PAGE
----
• burping or gas
  • nausea or vomiting

While most cases of indigestion and gastritis are mild and will resolve themselves, you should meet with a doctor if you have symptoms for longer than 2 weeks. If you suspect that you have a peptic ulcer, you should talk with a doctor.

Pancreatic conditions

You can feel RUQ pain if your pancreas is inflamed, which is known as pancreatitis. The pain that you experience from pancreatitis slowly worsens over time. Additional symptoms can include:

Most cases of pancreatitis require hospitalization for treatment.

Additional triggers for right upper quadrant pain

In addition to the conditions discussed above, other underlying conditions can trigger pain in your RUQ.

These can include:

Inflammation of the gallbladder (cholecystitis) is the most common diagnosable cause for pain in the right upper quadrant.

Cholecystitis usually occurs when the main opening to the gallbladder becomes blocked, either by a gallstone or biliary sludge. Though less common, it may also be caused by accidental damage to the gallbladder.

Oftentimes, right upper quadrant pain is also accompanied by other symptoms. These symptoms may include:

If you experience sudden and severe RUQ pain, it’s important to seek medical attention as soon as possible, especially if the pain lasts longer than a few hours or is accompanied by any of the symptoms listed above.

In order to diagnose the cause of your RUQ pain, a doctor will request your medical history and also perform a physical examination.

Additionally, they may order some tests to reach a diagnosis. These tests may include:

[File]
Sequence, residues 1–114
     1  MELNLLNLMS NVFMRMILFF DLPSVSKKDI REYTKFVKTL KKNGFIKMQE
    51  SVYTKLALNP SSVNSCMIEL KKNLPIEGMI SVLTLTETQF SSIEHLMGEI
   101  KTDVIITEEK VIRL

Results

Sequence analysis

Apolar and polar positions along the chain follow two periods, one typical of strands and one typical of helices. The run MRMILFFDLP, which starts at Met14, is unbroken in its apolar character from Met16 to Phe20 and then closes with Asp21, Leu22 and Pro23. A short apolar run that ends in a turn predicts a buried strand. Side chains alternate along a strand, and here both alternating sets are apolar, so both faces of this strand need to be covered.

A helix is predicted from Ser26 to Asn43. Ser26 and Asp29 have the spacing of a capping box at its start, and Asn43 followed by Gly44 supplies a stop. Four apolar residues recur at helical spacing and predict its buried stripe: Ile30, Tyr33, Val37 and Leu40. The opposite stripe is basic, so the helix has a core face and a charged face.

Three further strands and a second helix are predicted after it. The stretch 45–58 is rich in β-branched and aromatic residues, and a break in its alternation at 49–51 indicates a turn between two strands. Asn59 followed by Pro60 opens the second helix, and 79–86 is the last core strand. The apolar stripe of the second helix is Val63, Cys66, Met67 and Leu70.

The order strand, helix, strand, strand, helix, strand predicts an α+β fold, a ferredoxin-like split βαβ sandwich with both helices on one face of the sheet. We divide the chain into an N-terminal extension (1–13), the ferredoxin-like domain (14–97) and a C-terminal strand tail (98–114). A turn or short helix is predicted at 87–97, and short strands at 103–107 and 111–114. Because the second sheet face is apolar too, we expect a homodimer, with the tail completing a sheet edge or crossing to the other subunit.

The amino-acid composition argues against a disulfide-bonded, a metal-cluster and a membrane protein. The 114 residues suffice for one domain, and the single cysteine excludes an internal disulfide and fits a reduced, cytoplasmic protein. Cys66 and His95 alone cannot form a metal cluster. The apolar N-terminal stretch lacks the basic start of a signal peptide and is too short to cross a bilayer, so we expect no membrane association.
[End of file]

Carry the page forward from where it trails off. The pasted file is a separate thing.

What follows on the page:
Treatment for RUQ pain is dependent on what’s causing it. Examples can include:

Typically, a doctor will try to avoid performing surgery whenever possible. It may be necessary for some conditions to avoid complications or the disease worsening.

For example, if gallstones that block a bile duct (choledocholithiasis) are not removed, there can be life threatening complications. In some cases, a doctor may remove your gallbladder completely.

If your kidney stones are too large to be passed naturally, a doctor may choose to use sound waves to break the stones into smaller pieces that can be passed. They may also use a scope to remove the stones.

If you are diagnosed with kidney cancer or liver cancer, surgery may be necessary to remove a tumor, depending on the cancer stage and severity.

Since your RUQ contains many important organs, it’s important to monitor RUQ pain and any additional symptoms in order to seek treatment in a timely manner and avoid complications.

Examples of potential complications include:

  • kidney infection caused by an untreated UTI
  • high blood pressure, kidney failure, or kidney scarring due to an untreated kidney infection
  • low birth weight, preterm birth, organ damage, or death caused by unaddressed preeclampsia
  • inflammation or infection of the gallbladder or pancreas due to untreated gallstones
  • increased risk of ulcers or stomach cancer from untreated gastritis
  • progression of cancers that are not caught early

You can help prevent some causes of RUQ pain by:

  • eating a nutritious, well-rounded diet, which involves:
  • staying hydrated, as drinking lots of liquids can help flush bacteria from your urinary tract
  • using calcium supplements only as directed to avoid kidney stones
  • avoiding indigestion by limiting foods or drinks that are spicy, greasy, or contain a lot of acid or caffeine
  • avoiding smoking, if you smoke, or considering quitting
  • reducing your alcohol intake, if you drink alcohol
  • maintaining a moderate weight

The possible causes of RUQ pain can vary. Some of them, such as indigestion, are common and will often go away on their own. Others, such as preeclampsia or pancreatitis, need to be addressed right away.

Since your RUQ contains a variety of important organs, it’s important to monitor RUQ pain.

If you’ve had RUQ pain for a week or longer, you should make an appointment to see a doctor. If you experience signs of a medical emergency, like severe pain that lasts longer than a few hours or fever in addition to RUQ pain, you may need emergency medical attention.